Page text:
June 11, 2008 Motorcycle 'driver aid' technology is becoming more and more prevalent; the 2008 Kawasaki ZX-10R, for example, features a primitive traction/stability control system, and the latest Yamaha R1 and R6 engines feature 'fly by wire' throttles, in which an ECU interprets and moderates throttle inputs before they reach the engine. Anti-lock braking is beginning to feature on almost all touring-style motorcycles, and Honda's Combined Braking system, or CBS, is fitted to several of the company's less sports-focused models, where it distributes braking force between front and rear wheels even if only one brake lever is pressed. Honda's latest advancement in rider aid technology is to combine ABS and CBS into one electronically-managed system that prevents braking lock-ups and also manages weight transfer under heavy braking to help stop the rear wheel from lifting in an emergency stop.
Honda's top-flight sportsbikes already deliver completely ludicrous braking power and stability - now it seems they're going to get a computerized braking system that prevents lock-ups, corrects overuse of the rear brake, and manages the forward pitch that is common on razor-sharp handling bikes with short wheelbases.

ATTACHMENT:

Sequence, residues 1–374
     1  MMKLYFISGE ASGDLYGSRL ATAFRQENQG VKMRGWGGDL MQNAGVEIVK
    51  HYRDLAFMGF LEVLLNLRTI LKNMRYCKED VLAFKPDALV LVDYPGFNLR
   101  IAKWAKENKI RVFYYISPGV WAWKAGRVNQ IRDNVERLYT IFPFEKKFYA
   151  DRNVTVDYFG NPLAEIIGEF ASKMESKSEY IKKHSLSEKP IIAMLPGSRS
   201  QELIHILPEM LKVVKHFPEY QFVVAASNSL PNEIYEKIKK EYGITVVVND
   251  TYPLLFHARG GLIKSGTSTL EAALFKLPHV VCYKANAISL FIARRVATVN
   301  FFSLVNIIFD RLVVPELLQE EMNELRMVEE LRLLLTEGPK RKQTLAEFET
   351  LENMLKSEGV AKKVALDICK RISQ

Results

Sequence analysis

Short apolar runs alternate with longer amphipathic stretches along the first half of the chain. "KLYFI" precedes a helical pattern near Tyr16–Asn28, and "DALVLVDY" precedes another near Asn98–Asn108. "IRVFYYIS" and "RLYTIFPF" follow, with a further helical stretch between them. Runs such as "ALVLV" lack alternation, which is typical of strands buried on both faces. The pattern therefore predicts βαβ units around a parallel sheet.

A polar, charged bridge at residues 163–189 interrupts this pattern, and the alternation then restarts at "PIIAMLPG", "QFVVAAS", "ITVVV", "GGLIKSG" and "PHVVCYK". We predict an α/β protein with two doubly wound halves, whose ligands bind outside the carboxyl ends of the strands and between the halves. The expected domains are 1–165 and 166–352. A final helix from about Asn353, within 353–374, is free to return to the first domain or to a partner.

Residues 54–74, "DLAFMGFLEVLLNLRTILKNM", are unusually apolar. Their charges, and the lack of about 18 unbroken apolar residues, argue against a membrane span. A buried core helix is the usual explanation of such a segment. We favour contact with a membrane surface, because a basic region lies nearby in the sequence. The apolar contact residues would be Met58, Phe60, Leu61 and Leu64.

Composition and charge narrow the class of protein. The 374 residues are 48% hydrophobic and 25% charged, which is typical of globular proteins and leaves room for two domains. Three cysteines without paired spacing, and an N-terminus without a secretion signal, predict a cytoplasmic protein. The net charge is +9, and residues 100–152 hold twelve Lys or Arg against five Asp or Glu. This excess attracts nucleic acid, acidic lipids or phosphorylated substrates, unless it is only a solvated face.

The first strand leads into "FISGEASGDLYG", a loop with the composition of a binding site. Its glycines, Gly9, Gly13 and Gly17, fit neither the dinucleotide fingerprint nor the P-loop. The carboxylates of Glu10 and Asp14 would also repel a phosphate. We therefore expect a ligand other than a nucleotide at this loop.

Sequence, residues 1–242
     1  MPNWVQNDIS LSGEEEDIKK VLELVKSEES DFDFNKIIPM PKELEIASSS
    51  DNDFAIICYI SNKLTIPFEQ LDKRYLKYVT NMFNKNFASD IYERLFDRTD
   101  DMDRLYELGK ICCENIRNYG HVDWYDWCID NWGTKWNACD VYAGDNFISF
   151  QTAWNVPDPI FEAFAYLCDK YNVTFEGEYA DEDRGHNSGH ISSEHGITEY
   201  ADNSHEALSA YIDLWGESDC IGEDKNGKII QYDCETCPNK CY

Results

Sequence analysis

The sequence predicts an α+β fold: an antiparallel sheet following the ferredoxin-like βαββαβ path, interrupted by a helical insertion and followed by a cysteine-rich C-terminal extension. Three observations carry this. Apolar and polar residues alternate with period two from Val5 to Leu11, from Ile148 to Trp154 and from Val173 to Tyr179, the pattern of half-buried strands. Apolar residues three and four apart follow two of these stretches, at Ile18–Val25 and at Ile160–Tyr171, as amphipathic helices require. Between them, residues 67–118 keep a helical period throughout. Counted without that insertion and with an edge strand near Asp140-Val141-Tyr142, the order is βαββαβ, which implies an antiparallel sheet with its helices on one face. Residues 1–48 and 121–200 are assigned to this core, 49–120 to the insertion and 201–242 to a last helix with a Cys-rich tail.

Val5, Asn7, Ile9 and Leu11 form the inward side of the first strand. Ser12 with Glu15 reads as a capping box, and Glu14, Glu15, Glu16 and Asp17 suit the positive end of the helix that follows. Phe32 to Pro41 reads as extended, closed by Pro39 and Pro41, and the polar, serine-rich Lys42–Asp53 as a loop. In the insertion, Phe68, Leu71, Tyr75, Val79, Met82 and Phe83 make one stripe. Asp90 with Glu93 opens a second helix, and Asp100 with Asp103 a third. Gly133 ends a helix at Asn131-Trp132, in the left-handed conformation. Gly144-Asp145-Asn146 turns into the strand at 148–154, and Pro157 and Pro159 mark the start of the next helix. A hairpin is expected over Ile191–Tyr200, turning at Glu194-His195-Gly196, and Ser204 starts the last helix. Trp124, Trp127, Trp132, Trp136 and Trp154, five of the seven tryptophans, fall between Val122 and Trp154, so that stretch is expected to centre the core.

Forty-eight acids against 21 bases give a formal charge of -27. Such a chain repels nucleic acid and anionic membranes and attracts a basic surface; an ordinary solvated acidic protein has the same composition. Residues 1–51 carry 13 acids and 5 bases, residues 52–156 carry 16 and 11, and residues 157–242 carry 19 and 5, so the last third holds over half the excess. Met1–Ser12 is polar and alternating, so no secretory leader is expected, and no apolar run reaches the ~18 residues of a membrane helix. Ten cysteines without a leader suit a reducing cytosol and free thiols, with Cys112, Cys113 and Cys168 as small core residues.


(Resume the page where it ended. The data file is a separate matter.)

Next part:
The Japanese manufacturer recently announced its Combined ABS system, which adds anti-lock braking to a computer-controlled upgrade of the Honda Combined Braking System we have already seen on recent VFR800 and CBR1100XX models, among others.
Where the old CBS was a simple hydraulic system, sending a percentage of the front brake lever's force to the rear caliper and vice versa, the new system is more sophisticated. Lever inputs at both ends of the bike are input, analyzed by a braking ECU, and then braking force is distributed optimally between the wheels, with the goal of preventing the bike from pitching forward into a 'stoppie' under hard or emergency braking, as this forward roll often unsettles riders and prevents them from applying maximum braking force where required. In essence this is the first full 'brake by wire' system.
The system has been kept to a minimum size and weight, given its intended use on supersports bikes - but it will certainly complicate the braking system and make brake bleeding a much tougher job.
Honda's Combined ABS system is pitched directly at the supersport segment - so it's reasonable to expect we'll see the system in action on future CBR1000RR and CBR600RR models - however, no release date has been given.
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